Developing Story: Scott Wilson
In Developing Story, a regular feature on collegehockeyinc.com, we highlight current college hockey players who have developed their skills during their careers – either on the ice or off – and in turn made a bigger impact on their team’s success.
UMass Lowell sophomore Scott Wilson, a Pittsburgh Penguins draft pick, heads to the arena he one day hopes to call home as a higher profile prospect than he was when drafted two years ago.
The Oakville, Ontario, native came to school expected to produce offense, but he enters the Frozen Four even more dangerous thanks to his efforts the last two years. He now shoots harder, more accurately, and does so on the move more effectively than ever before.
"One of the biggest things for me coming into college was I needed to get pucks off faster," Wilson said. "So I've been working for the past two years with the coaches. No matter what the spot on the ice, I'm just trying to get it off."
More on NCAA hockey's focus on player development
Wilson said that after the Hockey East semifinal, when he took a pass in the slot and fired it on net in one motion, despite his stick being tangled amid the legs of a Providence defenseman. His shot beat Jon Gillies before he could move to his left, lifting UMass Lowell to a 2-1 win.
"At the end of the day, Scott Wilson makes a play," Providence head coach Nate Leaman said. "He's a big-time player, and he made a heckuva play in a 1-1 game."
A seventh-round choice of the Penguins in 2011, Wilson certainly wasn't a sure-fire prospect at the time, but his development has to have put him more on the NHL team's radar. It's not too far fetched that his progression may have made the hosts more comfortable with trading other Frozen Four participants Kenny Agostino and Ben Hanowski to acquire Jarome Iginla last week.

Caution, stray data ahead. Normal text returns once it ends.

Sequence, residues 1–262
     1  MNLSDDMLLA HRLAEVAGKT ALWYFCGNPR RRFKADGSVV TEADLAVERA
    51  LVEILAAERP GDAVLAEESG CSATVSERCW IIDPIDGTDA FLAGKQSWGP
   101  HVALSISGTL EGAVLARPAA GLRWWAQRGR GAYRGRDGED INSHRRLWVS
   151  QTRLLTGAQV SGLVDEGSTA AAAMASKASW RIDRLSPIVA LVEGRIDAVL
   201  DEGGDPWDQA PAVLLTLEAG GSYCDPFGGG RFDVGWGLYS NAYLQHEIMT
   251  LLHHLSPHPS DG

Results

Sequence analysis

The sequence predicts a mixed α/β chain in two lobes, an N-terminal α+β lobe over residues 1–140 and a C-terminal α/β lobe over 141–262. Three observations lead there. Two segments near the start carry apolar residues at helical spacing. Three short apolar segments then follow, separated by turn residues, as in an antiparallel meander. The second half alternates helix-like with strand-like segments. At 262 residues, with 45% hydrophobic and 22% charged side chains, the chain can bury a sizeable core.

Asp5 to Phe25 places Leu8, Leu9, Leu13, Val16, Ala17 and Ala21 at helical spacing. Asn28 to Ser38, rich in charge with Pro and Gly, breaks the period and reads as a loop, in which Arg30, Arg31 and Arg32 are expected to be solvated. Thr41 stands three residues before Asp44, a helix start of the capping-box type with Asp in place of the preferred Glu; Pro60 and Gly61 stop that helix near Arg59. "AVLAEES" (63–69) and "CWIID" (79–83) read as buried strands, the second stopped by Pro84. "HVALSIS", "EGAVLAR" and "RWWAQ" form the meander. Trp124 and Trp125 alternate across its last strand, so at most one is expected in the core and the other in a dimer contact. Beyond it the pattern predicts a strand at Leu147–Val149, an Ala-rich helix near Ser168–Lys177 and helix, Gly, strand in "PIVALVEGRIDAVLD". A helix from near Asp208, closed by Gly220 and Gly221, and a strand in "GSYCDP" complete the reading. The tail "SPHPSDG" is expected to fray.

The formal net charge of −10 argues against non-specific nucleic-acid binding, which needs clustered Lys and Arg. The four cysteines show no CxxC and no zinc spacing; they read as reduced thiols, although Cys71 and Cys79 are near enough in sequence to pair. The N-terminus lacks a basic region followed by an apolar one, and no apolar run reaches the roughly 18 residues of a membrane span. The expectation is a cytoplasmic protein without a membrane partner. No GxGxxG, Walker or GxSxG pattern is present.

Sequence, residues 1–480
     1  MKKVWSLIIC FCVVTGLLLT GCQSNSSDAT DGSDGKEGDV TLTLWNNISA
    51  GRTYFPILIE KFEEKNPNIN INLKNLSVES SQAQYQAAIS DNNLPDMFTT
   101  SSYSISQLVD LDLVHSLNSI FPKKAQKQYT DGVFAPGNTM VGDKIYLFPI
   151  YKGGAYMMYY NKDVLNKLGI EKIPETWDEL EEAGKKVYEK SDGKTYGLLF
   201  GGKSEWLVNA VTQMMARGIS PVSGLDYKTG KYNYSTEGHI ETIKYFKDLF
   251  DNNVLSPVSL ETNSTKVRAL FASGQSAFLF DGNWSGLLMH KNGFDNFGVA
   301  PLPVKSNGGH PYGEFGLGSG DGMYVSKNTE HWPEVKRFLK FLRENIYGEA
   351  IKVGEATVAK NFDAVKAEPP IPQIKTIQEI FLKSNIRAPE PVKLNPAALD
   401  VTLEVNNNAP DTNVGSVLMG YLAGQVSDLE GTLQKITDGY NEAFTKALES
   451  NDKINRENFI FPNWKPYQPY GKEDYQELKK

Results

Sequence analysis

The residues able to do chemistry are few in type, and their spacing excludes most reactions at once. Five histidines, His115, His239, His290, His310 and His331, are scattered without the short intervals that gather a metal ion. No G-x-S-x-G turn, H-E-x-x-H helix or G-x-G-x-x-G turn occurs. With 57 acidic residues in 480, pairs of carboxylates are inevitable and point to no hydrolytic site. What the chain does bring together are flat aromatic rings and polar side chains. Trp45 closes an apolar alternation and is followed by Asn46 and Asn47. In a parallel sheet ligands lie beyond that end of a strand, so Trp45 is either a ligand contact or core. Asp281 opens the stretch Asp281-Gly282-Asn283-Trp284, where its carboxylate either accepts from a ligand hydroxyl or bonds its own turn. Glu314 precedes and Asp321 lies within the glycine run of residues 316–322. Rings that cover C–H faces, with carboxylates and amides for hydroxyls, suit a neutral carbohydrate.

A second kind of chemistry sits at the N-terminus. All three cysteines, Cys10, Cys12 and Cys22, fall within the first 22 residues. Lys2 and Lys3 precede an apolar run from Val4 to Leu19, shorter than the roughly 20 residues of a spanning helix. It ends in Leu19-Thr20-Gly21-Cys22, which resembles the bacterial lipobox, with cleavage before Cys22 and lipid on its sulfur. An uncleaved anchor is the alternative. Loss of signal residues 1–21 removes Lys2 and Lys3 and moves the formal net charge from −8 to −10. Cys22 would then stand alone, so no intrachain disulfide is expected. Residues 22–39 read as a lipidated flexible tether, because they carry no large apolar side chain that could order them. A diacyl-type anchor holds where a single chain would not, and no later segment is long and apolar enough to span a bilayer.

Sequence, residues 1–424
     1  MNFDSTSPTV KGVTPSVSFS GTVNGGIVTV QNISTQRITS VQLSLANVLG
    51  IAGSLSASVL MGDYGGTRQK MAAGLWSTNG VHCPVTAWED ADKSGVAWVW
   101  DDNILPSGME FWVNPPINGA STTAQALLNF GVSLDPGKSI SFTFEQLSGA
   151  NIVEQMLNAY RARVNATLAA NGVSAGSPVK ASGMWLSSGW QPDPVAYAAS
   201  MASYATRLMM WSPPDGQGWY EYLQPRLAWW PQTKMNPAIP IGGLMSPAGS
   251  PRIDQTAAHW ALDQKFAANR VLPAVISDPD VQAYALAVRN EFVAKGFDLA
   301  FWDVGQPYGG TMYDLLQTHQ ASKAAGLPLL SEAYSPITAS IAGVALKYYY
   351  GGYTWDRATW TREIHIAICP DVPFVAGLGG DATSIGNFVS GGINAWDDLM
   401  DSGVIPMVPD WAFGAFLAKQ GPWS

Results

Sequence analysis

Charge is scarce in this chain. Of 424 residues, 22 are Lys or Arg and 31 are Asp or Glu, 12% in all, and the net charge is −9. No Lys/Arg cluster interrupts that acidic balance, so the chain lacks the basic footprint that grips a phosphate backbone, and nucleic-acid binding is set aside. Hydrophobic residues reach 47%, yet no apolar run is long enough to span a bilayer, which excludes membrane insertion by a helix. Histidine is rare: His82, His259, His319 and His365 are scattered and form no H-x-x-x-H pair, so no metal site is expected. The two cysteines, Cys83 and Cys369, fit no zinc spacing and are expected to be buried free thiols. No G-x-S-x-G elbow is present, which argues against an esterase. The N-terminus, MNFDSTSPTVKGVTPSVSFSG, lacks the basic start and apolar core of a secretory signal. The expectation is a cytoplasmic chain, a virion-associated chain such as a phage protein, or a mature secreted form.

Regardless, the River Hawks' co-leading scorer will be in the spotlight next week as the only Penguins prospect. He ranks 12th among drafted NCAA players in scoring this year, fifth among those who are freshmen or sophomores, and third among those who reached the Frozen Four.
His improvement during the course of this season has mirrored that of his team. Held to just one point as the team started 2-5-1, he has reeled off 36 points in the 32 games since.
Practice makes perfect
UMass Lowell head coach Norm Bazin acknowledged that transition offense has been a focus in practice for his whole team, not just Wilson.
It's certainly paid dividends for last year's Hockey East Rookie of the Year, however, who has proven to be an even more dangerous scorer in 2012-13 - and helped his team make another step in its development as well.
"He's a talented individual," Bazin said after that Hockey East semifinal. "He's somebody who can shoot off the pass. There aren't many guys who can shoot off the pass, and he did."
Getting the chance to practice three or four times a week gave Wilson the opportunity to hone his shot. He has also had the time - and access to UMass Lowell's brand-new strength and conditioning facility at Tsongas Center - to add strength to his 6-foot-0 frame.
That effort away from the spotlight of Friday and Saturday night games has paid off for Wilson once the puck is dropped. He has a seven-game point-scoring streak headed into the Frozen Four, coinciding with the River Hawks' seven-game winning streak, longest of the field.
He has figured in more than half of UMass Lowell's goals in that time, and he is playing his best hockey as he heads to the sport's biggest stage - and potentially his future home.